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Chromatic Dispersion and How it Affects Projectors

  • BenQ
  • 2020-09-07
What is dispersion?

When Sir Isaac Newton in the seventeenth century passed a ray of light through a prism, he made one of the most foundational discoveries in the field of optics, not to mention inspired one of the most iconic images in all of science. What he discovered, as explained by later scientists, was that light with varying wavelengths would travel at different speeds through a medium causing different angles of refraction, thereby “bending” the light and turning what was originally white light into the colors of the rainbow (with each color representing a different wavelength). This phenomenon would come to be known as chromatic dispersion, or dispersion for short.

Practically speaking dispersion would come to affect any technology, simple or complex, that relied on the use of lenses. So as the use of lenses evolved over time, one of the enduring challenges for those involved in their use is how to deal with dispersion. This would also be true for projectors and the lenses they depend on.

How dispersion affects projectors

In general dispersion in projectors causes blurriness in images where details are not clearly defined and the overall image looks less crisp. From an up-close view, this can be explained by the fact that the colors from a projector that were otherwise meant to fully overlap with one another tend not to line up correctly due to the dispersion from its lenses. Therefore, any improvements made to a projector’s lens in terms of dispersion would result in a projector that produces clearer, more detailed images, regardless of whether or not any improvements are made to aspects of the projector’s specifications such as resolution. Dispersion No Dispersion Commonly, the way in which manufacturers deal with dispersion in projectors is to either increase the number of (typically plastic) lenses used within a projector’s lens assembly until an acceptable level of dispersion is reached, or simply live with the dispersion produced by the projector’s original design. The former solution makes the projector susceptible to the negatives of plastic lens usage, namely low heat-resistance and low lifespan, while the latter fails to address the issue of dispersion entirely. While such solutions might be acceptable for more commonly used consumer line of projectors, they are not viable options for high-performance projectors.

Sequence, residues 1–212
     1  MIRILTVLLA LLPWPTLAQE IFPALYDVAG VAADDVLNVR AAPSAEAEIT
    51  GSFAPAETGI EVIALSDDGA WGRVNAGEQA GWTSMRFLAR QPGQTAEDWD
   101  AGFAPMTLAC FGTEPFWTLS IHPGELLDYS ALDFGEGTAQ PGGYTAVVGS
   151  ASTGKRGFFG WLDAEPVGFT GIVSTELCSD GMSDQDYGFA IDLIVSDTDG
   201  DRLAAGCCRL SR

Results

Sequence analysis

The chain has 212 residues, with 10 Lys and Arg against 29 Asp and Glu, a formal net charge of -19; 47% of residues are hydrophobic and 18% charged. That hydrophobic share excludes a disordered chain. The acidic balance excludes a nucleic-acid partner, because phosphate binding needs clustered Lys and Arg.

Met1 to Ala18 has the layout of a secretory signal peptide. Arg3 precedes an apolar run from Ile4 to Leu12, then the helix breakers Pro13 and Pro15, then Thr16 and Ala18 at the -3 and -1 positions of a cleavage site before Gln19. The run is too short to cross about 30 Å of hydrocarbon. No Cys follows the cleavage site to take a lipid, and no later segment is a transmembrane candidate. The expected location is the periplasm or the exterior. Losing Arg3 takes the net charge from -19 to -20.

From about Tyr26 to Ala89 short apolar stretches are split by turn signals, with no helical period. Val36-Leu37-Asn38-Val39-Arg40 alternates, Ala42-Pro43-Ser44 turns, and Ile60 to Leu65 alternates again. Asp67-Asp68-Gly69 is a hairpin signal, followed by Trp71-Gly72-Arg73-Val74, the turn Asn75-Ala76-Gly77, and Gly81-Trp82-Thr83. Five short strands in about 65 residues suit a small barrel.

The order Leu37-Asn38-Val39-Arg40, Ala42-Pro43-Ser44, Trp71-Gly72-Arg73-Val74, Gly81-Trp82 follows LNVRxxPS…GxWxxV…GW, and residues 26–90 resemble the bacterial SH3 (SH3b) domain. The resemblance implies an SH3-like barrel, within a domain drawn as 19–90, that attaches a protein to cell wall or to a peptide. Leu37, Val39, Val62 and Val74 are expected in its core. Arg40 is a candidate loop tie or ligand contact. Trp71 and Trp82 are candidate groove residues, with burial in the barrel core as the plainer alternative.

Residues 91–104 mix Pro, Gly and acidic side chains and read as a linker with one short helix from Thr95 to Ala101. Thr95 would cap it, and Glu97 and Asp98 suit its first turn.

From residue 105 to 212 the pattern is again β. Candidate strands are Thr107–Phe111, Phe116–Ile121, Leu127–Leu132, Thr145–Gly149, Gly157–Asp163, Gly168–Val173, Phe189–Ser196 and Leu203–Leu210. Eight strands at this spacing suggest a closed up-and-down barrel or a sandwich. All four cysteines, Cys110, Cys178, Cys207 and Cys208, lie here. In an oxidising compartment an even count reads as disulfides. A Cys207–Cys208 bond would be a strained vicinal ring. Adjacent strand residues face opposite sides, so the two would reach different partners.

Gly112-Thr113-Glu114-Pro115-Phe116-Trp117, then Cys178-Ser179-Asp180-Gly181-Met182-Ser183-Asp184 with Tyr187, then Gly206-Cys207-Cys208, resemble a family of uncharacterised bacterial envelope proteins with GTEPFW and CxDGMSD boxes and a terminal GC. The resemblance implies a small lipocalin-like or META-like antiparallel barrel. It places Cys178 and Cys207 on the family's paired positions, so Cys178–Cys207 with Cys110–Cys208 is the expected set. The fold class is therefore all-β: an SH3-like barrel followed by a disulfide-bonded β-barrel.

No Dispersion

Dispersion

Commonly, the way in which manufacturers deal with dispersion in projectors is to either increase the number of (typically plastic) lenses used within a projector’s lens assembly until an acceptable level of dispersion is reached, or simply live with the dispersion produced by the projector’s original design. The former solution makes the projector susceptible to the negatives of plastic lens usage, namely low heat-resistance and low lifespan, while the latter fails to address the issue of dispersion entirely. While such solutions might be acceptable for more commonly used consumer line of projectors, they are not viable options for high-performance projectors.

No Dispersion

Dispersion